General and Systemic Histopathology, C601&C602

    Blood Smears

Looking at blood smears can be a little tricky. First, this is one of the few situations in which you may need to use your oil immersion lens. Please be careful. It's easy to run it through a slide. Knowing where to look on the slide can make all the difference between being able to see what's there, and frustration.

  • You want to be way out on what we call the 'feathered edge' of the slide. That is, you want to be in the shallow end of the blood smear, not in the middle of the slide.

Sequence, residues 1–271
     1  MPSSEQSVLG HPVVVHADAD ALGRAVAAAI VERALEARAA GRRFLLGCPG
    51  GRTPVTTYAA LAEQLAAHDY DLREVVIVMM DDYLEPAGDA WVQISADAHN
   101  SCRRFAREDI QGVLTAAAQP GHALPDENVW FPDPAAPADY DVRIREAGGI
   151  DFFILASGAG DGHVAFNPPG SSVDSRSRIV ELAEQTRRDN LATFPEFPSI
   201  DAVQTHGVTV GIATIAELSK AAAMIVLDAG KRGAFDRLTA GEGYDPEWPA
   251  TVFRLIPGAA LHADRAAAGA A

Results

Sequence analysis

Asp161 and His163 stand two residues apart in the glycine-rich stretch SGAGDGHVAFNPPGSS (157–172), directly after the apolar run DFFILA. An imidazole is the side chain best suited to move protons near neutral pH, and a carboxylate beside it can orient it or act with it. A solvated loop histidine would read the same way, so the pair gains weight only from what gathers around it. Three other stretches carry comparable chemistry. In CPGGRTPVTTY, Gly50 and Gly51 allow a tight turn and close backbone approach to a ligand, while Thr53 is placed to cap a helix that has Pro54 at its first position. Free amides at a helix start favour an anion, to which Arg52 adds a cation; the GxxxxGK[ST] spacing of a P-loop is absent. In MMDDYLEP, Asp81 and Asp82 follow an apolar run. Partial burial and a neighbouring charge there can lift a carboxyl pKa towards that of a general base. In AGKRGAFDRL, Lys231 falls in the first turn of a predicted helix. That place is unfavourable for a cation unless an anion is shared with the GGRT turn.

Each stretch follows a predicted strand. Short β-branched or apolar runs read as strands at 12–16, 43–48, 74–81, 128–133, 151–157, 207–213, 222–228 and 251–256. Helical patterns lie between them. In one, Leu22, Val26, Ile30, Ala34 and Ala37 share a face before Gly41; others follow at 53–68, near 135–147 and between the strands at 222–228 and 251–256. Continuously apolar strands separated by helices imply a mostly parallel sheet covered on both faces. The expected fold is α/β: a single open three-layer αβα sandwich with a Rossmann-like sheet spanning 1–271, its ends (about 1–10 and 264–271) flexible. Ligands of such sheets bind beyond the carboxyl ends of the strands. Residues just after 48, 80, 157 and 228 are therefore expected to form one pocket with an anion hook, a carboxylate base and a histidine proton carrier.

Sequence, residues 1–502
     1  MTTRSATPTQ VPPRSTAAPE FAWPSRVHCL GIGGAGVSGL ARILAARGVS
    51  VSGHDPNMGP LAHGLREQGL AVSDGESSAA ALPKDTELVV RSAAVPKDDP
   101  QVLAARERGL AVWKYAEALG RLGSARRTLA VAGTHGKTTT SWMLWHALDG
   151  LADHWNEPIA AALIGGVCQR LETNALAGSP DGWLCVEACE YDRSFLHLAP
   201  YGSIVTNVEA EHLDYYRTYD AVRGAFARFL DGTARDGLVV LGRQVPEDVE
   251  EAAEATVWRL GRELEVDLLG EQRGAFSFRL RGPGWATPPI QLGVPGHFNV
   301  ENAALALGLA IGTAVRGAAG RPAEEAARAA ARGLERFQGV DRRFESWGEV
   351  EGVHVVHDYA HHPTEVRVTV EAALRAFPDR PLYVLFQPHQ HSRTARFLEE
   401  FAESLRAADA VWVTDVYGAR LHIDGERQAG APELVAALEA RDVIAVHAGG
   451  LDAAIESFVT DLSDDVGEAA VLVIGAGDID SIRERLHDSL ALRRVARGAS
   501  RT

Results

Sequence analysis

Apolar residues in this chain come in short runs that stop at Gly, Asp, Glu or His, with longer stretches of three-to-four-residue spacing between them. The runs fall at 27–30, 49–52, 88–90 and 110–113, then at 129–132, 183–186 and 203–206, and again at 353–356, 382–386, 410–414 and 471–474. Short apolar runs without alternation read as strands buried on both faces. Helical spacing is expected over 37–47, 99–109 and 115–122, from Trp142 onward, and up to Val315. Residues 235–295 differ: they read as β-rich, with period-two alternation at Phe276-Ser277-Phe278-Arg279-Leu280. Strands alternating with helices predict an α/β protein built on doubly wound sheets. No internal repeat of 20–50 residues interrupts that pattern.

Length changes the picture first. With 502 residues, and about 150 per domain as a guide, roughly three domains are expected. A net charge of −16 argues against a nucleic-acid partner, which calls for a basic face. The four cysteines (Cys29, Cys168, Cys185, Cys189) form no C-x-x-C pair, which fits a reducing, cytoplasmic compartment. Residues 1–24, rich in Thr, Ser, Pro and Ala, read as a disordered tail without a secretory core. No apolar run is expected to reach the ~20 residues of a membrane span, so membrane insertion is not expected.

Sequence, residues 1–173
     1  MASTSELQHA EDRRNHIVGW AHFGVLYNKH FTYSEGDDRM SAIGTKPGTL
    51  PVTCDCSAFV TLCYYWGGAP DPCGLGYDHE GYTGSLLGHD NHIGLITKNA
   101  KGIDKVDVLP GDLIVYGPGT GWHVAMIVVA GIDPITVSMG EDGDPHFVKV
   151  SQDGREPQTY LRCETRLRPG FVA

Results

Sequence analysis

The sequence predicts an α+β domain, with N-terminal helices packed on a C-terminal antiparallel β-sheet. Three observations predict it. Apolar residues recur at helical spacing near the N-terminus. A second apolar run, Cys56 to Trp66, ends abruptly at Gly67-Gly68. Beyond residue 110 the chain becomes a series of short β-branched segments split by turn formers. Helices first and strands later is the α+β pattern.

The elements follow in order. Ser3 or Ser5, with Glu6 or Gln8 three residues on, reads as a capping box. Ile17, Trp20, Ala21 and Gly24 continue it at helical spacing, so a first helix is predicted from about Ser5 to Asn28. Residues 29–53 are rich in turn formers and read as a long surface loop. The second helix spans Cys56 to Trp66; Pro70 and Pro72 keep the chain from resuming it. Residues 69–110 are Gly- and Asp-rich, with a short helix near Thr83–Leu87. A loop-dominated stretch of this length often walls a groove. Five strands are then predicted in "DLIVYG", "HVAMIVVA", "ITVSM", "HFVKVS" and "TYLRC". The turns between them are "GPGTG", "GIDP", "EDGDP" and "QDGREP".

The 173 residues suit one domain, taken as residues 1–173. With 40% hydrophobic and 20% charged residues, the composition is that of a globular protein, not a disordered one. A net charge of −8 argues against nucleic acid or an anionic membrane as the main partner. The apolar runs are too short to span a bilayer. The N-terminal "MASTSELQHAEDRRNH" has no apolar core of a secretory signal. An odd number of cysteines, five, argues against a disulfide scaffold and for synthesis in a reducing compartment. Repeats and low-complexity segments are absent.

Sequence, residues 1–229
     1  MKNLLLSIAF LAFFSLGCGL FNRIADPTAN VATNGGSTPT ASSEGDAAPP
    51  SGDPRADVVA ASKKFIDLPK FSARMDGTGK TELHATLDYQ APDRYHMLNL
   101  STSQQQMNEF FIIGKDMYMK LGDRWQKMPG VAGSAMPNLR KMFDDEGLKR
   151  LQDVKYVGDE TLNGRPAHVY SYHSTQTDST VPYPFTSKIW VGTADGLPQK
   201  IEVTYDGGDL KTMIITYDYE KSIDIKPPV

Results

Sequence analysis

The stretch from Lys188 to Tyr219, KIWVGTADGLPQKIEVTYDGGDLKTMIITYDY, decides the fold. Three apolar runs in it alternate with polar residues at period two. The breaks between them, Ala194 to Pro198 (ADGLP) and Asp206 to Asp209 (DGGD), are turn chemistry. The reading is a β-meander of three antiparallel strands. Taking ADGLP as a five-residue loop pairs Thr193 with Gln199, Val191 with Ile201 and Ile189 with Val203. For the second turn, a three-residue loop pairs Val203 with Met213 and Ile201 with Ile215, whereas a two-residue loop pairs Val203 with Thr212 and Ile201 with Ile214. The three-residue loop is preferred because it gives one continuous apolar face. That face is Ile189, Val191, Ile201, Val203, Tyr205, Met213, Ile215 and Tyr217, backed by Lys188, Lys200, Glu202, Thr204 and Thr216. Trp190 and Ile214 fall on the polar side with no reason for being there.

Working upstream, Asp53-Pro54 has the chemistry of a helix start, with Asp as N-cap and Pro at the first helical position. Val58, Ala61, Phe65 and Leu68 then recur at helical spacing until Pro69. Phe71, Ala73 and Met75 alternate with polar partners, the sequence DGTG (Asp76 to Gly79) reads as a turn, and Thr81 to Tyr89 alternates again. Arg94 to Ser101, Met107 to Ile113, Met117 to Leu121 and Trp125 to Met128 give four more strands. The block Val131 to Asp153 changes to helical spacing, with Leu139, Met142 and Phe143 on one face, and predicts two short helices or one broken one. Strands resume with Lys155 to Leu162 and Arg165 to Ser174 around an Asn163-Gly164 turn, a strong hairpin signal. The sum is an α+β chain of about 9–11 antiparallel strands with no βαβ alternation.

• You need to find an area where the RBC's just barely touch each other, or are free swimming. If you are looking at an area where the RBC's are piled on top of one another and the WBC's are dark and small, keep going to the thinner end of the slide.

    When you study a smear, remember there are three formed elements to assess, plus what can be learned from the background. No matter what you have been told about the disease the slide represents, always look at the

  • RBC's,
  • WBC's and
  • Platelets.

The degree of blue staining in the background can also give you an indication of the amount of protein in the blood. The darker blue the background, the more there is. But again, be sure you are looking in the far reaches of the feathered end of the slide.

What follows are real live clinical stories, some with happy outcomes and some otherwise.